warmed with a hot-water bottle."

"I will get soft soap, and monkey
soap, and all sorts of soap; and
soda and scrubbing brushes; and
persian powder; and carbolic to
remove the smell. I must have a
disinfecting. Perhaps I may have
to burn sulphur."

He hurried round the house to
get a shovel from the kitchen--
"First I will arrange the hole--
then I will drag out that person in
the blanket . . ."

He opened the door. . . .

Tommy Brock was sitting at Mr.
Tod's kitchen table, pouring out
tea from Mr. Tod's tea-pot into
Mr. Tod's tea-cup. He was quite
dry himself and grinning; and he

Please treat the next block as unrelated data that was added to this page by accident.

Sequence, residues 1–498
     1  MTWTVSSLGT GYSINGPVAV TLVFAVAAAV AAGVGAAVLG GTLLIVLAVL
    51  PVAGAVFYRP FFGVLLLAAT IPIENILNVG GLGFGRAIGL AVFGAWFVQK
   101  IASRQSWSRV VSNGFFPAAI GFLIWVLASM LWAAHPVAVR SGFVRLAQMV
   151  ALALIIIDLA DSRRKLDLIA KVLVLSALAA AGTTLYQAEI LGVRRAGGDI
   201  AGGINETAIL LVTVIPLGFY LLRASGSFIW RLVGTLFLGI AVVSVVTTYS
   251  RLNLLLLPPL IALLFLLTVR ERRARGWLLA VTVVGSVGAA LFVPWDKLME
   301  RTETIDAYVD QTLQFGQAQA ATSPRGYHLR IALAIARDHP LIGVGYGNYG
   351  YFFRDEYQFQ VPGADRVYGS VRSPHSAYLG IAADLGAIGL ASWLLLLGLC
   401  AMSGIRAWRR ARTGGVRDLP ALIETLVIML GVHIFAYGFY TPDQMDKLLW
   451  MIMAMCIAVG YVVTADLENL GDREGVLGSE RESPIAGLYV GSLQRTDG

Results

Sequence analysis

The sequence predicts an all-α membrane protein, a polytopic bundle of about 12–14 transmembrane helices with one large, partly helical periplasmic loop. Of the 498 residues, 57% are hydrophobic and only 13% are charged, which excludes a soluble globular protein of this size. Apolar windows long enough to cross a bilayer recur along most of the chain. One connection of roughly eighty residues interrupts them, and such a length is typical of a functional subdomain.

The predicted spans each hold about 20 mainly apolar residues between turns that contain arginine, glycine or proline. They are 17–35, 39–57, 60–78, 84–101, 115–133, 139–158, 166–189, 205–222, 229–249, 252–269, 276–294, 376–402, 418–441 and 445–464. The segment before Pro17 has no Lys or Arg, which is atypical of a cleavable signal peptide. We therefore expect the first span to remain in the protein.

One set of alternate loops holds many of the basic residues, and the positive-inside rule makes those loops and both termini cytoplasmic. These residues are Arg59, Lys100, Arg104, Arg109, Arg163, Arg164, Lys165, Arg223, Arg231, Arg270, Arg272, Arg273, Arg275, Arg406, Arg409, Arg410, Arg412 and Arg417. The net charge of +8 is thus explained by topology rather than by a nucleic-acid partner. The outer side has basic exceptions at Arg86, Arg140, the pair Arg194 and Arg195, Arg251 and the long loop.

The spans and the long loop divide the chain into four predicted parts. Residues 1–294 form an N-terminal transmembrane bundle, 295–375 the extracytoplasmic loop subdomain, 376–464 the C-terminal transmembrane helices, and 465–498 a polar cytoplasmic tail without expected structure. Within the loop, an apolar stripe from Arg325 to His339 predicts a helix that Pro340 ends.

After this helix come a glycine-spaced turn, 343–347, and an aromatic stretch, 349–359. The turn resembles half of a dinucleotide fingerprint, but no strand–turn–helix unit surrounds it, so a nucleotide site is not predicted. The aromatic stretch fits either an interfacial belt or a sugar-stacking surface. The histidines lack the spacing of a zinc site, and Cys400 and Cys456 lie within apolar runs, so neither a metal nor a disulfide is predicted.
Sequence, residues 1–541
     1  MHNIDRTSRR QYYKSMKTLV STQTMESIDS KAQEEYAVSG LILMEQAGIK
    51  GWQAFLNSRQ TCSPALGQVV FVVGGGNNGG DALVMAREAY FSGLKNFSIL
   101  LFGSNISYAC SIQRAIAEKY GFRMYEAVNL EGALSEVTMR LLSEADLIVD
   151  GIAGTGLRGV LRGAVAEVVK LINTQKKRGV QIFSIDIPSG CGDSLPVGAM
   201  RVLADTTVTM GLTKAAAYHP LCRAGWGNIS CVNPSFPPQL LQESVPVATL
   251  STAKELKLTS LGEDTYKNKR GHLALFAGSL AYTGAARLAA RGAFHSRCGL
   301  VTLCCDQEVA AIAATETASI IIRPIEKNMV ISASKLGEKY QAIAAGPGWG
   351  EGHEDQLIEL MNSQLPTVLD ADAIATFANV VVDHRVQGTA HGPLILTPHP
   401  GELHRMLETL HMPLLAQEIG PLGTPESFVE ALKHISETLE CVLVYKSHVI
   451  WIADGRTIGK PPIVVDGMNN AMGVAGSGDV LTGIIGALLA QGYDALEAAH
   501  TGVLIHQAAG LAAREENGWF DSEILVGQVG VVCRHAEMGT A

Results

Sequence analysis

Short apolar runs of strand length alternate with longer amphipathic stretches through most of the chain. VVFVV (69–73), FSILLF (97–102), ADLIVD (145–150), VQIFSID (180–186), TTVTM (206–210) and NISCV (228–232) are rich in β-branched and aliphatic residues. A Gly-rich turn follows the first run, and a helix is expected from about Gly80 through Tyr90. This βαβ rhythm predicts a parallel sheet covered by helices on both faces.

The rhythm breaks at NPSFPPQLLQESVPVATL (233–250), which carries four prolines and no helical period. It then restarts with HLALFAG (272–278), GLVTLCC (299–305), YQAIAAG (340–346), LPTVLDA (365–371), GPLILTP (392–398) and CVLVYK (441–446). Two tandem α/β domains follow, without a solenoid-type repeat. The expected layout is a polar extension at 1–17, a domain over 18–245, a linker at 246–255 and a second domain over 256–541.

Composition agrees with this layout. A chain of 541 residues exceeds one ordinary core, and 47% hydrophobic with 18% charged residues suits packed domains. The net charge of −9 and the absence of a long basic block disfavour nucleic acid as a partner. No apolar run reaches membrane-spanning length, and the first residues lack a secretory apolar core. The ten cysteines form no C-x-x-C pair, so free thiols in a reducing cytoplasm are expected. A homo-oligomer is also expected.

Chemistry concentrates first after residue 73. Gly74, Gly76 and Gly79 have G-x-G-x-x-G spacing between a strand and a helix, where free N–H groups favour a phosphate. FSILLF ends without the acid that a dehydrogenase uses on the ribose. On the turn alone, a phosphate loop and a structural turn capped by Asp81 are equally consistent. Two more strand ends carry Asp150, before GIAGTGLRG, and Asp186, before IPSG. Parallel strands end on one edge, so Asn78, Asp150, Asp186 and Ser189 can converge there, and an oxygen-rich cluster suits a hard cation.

threw the cup of scalding tea all
over Mr. Tod.

Then Mr. Tod rushed upon
Tommy Brock, and Tommy Brock
grappled with Mr. Tod amongst
the broken crockery, and there was
a terrific battle all over the kitchen.
To the rabbits underneath it sounded
as if the floor would give way at
each crash of falling furniture.

They crept out of their tunnel,
and hung about amongst the rocks
and bushes, listening anxiously.

Inside the house the racket was
fearful. The rabbit babies in the
oven woke up trembling; perhaps
it was fortunate they were shut up
inside.

Everything was upset except the
kitchen table.

And everything was broken,
except the mantelpiece and the
kitchen fender. The crockery was
smashed to atoms.

The chairs were broken, and the
window, and the clock fell with a
crash, and there were handfuls of
Mr. Tod's sandy whiskers.

The vases fell off the mantelpiece,
the canisters fell off the